A while back, atheist philosopher Keith Parsons had a lengthy exchange with Thomist Ed Feser. But Parsons is still an atheist!
Atheists like Parsons don't really are about the mere theism or classical theism of people like Feser. Parsons had a Christian upbringing, and that's his frame of reference.
In a sense he's right. Christianity is a Bible-based religion. You can't just pole-vault over that to classical theism. Classical theism is about the attributes of God rather than the acts of God (other than God as Creator). It's a common denominator view of God shared by some Christians, Muslims, and Jews (e.g. Aquinas, Maimonides, Al-Ghazâlî).
In the nature of the case, it doesn't include the acts of God (beyond creation), because Christians, Muslims, and Jews differ on what God has done in human history. Christians agree with Jews regarding OT history, but Jews disagree with Christians regarding NT history. Both Jews and Christians disagree with Muslims regarding Koranic history, and Muslims return the favor.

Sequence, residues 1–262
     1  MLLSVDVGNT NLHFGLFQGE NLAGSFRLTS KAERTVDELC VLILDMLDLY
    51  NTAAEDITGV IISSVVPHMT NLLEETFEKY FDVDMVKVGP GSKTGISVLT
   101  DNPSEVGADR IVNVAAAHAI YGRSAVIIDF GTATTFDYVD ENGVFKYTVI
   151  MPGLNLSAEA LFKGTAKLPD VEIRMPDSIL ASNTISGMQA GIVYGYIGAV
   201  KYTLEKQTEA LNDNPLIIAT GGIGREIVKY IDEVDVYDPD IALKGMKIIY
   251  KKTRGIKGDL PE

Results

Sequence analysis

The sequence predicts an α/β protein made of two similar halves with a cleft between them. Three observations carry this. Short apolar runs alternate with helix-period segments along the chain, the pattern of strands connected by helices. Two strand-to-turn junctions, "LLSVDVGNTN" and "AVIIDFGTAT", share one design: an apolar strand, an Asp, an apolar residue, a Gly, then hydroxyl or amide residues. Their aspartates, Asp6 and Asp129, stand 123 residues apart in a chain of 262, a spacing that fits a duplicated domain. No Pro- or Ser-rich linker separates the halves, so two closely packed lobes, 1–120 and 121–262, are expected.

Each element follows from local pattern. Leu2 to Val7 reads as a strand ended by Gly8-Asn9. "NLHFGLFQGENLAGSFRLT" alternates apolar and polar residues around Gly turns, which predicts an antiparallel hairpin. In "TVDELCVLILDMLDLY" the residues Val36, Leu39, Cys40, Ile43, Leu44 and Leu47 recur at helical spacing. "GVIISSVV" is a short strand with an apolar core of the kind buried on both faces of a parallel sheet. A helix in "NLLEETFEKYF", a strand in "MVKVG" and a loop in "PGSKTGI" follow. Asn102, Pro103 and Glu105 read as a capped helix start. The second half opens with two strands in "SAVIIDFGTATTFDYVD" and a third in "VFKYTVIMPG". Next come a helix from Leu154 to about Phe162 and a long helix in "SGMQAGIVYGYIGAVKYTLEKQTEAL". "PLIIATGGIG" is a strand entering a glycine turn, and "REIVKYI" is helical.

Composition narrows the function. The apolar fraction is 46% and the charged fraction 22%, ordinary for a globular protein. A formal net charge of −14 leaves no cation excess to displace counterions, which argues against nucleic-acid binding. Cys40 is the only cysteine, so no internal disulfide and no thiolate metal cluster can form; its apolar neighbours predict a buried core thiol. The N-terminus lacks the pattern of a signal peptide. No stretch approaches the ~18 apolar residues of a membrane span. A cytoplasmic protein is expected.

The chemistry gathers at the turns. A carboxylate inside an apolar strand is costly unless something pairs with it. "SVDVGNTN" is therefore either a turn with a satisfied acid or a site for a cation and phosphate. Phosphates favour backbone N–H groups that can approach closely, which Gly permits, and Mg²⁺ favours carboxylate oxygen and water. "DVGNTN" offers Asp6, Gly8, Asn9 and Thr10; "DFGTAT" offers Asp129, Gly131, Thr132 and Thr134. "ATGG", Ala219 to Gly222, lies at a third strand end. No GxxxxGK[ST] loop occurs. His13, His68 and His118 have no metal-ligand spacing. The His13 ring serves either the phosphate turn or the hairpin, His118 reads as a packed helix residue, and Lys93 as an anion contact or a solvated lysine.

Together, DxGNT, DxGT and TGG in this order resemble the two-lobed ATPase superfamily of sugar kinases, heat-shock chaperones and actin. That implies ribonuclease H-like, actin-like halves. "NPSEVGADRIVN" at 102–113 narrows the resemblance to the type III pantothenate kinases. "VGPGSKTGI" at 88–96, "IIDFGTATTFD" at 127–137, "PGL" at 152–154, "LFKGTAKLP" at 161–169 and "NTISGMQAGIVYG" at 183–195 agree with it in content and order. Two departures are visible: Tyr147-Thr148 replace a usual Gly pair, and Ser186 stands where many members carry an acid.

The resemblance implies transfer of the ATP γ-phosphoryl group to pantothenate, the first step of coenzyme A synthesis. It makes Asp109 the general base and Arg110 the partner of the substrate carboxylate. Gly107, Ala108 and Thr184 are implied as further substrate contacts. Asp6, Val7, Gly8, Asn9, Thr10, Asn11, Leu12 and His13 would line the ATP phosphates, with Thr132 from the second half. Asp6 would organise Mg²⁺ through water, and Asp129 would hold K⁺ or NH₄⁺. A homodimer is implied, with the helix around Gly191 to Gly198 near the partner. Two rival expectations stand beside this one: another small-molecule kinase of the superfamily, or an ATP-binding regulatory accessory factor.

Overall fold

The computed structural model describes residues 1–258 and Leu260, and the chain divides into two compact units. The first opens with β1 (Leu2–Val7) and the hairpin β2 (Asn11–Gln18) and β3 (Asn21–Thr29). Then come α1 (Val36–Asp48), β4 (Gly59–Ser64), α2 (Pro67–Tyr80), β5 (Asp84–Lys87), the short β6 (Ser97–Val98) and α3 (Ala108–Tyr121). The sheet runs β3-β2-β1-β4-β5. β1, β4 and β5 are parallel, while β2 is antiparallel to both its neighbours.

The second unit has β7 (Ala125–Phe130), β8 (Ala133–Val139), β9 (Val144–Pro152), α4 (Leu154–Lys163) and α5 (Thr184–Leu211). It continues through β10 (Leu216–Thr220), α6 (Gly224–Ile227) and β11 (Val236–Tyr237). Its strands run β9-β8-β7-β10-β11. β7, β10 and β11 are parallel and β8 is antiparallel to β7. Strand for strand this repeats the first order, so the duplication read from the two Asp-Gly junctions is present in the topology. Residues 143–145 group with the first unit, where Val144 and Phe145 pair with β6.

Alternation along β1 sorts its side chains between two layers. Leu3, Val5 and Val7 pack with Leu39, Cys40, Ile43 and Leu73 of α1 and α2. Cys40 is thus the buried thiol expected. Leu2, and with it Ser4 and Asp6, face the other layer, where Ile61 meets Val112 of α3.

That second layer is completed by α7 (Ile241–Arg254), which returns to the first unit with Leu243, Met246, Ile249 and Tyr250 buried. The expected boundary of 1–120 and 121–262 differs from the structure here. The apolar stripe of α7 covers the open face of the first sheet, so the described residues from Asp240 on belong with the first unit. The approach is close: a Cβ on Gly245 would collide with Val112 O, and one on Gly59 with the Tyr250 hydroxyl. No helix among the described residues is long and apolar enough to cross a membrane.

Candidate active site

By the same token, you have many Christian apologists who defend particular events in Scripture rather than defending Scripture itself.
These approaches are naturally unsatisfactory to many atheists because it's too abstract. At some point the debate has to touch ground. Come down to the level of the God depicted in the Bible. What he does as well as what he is.